Evelina Bereni9 March 2023

Why you need to add singing to your daily routine (even if you don’t think you’re that good).

Before I dove into my work today I had an urge to burst into song (not unlike me), so I recorded a cover of All By Myself. It had been running through my head all morning, which is weird because it’s very hard to feel all by myself with a house full of people chattering away. Anyway. It felt AMAAAZZZIIINNNNGGGGG. My next instinct was to understand why. 

Why does singing feel good? Does it just feel this good for ME? Or does singing have bountiful positive effects for everyone? Turns out singing is not just for Australian Idol hopefuls or shower divas. Here’s why:

A Melody for your Mood

It’s probably not surprising that singing has been positively correlated with wellbeing markers. Just like exercise, singing releases endorphins – those feel-good chemicals that can improve your mood and reduce stress. It can also reduce levels of the stress hormone, cortisol. So singing is going to make you feel good too (not just me). 

Apparently, it’s also a powerful tool for regulating emotions. This study found that singing can help people cope with stress and difficult experiences. It’s also probably why I find myself singing instructions at my children when they’re not listening and my fuse is shortening. 

Improvising for Immunity 

Even more interestingly, in a study published in the journal Frontiers in Psychology, researchers found that singing can have positive effects on our immune system too. They found that singing in a choir was associated with increased levels of antibodies in the participants’ saliva. Something to think about as we hit flu season this year?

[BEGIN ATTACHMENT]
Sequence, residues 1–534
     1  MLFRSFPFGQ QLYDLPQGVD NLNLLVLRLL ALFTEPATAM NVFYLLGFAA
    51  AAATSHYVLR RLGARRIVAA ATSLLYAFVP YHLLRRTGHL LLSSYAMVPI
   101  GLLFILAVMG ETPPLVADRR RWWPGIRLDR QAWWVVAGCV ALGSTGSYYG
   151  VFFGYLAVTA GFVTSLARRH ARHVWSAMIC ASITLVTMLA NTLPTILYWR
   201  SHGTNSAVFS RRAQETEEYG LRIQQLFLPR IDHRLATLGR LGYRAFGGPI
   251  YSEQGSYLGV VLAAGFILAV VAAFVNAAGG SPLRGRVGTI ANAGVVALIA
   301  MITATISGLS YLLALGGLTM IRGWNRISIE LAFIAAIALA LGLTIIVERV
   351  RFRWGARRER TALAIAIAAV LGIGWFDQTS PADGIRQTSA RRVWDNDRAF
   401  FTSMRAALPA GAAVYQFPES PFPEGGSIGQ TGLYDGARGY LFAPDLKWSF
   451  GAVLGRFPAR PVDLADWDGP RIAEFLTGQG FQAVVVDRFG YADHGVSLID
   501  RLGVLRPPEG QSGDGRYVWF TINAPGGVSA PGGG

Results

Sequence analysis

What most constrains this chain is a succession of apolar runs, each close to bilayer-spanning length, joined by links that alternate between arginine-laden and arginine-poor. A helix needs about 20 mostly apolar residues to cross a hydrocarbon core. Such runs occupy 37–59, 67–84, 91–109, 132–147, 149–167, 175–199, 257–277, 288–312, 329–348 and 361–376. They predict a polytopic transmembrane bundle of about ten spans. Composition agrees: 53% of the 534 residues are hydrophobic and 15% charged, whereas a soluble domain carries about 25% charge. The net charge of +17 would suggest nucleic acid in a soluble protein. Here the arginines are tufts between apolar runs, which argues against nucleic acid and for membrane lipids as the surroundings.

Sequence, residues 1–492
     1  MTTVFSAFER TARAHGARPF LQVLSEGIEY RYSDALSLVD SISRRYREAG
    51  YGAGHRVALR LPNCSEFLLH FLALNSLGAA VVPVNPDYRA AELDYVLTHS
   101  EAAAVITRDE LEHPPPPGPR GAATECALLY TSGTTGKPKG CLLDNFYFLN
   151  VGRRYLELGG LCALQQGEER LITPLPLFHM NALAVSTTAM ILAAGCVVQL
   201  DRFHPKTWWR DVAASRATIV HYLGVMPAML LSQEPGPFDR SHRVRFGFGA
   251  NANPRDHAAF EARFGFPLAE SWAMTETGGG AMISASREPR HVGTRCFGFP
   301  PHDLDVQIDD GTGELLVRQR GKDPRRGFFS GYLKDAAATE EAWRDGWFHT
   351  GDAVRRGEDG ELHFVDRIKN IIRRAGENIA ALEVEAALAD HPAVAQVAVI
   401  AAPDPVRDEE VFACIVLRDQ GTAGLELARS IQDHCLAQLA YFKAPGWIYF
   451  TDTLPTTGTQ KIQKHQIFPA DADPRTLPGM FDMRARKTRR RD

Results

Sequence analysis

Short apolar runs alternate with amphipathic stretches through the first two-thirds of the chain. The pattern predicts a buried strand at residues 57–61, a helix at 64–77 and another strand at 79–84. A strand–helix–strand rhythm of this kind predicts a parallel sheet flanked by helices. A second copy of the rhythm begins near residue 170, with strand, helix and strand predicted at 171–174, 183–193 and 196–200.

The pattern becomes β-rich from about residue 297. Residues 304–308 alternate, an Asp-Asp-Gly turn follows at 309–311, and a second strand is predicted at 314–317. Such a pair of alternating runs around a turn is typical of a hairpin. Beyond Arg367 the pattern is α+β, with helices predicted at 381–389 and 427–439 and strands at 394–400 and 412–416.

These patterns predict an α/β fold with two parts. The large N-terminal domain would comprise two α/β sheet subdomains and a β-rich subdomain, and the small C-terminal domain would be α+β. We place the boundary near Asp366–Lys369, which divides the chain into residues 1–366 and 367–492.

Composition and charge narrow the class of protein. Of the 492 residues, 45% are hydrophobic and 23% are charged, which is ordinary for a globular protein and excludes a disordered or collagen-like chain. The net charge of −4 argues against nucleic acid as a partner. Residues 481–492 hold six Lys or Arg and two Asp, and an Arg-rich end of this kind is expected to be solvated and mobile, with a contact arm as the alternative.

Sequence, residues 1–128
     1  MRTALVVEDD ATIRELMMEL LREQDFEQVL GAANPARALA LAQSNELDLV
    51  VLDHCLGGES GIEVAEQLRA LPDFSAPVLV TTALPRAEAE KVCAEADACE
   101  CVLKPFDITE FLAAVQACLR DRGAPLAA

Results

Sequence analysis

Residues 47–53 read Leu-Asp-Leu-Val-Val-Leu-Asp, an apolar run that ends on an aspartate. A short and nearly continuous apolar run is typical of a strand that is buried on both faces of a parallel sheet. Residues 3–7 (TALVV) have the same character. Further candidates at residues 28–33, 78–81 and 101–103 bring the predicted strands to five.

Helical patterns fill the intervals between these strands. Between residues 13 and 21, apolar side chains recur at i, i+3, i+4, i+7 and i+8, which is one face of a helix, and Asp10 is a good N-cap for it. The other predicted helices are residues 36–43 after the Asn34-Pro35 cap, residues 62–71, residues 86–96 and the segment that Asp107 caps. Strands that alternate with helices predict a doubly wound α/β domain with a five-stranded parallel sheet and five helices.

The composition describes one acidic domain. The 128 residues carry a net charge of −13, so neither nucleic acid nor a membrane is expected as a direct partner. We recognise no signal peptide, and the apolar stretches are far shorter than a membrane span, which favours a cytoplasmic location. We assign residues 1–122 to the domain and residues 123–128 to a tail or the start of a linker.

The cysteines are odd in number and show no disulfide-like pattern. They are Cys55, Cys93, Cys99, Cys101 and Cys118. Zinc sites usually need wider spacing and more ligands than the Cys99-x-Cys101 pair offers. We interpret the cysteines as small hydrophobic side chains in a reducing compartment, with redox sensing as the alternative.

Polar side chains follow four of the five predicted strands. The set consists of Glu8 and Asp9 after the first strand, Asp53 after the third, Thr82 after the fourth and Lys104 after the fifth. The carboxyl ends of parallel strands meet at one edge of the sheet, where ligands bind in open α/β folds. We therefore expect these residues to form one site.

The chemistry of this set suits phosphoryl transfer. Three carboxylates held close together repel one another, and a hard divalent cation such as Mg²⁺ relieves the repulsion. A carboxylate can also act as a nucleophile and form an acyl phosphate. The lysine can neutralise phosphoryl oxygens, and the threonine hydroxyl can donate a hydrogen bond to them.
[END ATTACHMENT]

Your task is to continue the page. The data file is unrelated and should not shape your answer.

Hmmm…. what about singing for wellbeing in the workplace?

Waltzing in the Workplace

Well, a study involving a group of call center workers who participated in a singing program for 10 weeks showed that the participants had improved well-being and reduced stress levels. Furthermore, research also shows that singing can be used as an effective bonding AND creativity tool. 

The ice-breaker effect study found that singing together in a group can increase creativity, as it fosters social bonding and increases group cohesion, which can lead to more innovative and creative ideas. So, technically karaoke should form part of your next team day. 


Perfect Pitch in Productivity

So that’s all pretty cool, but did you also know that singing might even help you be more productive? (or am I just trying to justify the amount that I sing at work?…)

Because singing requires you to take deep breaths and exhale slowly, it can help to improve your lung capacity and increase your oxygen intake. 

This is good news for our productivity levels because oxygen delivery to the brain can lead to improved cognitive function including enhanced attention, memory and decision-making. That explains why I feel even more “on” while I’m deep working after a singing sesh.

— Three Ways to Sing More —

Here are some ways you can incorporate more singing into your life:

  • Do it solo. If you’re a weirdo like me, you can break into song in the middle of cereal aisle at Woolies OR keep the frivolity contained to your car, your shower or your house. Do a little diddy before you get into your first deep work sprint of the day!
  • Do it at work. So many options. Thursday night karaoke, start an office choir, start R&B Friday’s back up again.
  • Join a group. Scout out your local area for choral groups to join. My friends and I LOVE Pub Choirs and always feel elated after them – highly recommended!

So there you have it. SING. Literally anyone can do it and you don’t have to be good to experience all the benefits that come with belting out a tune. 

Yours in singing,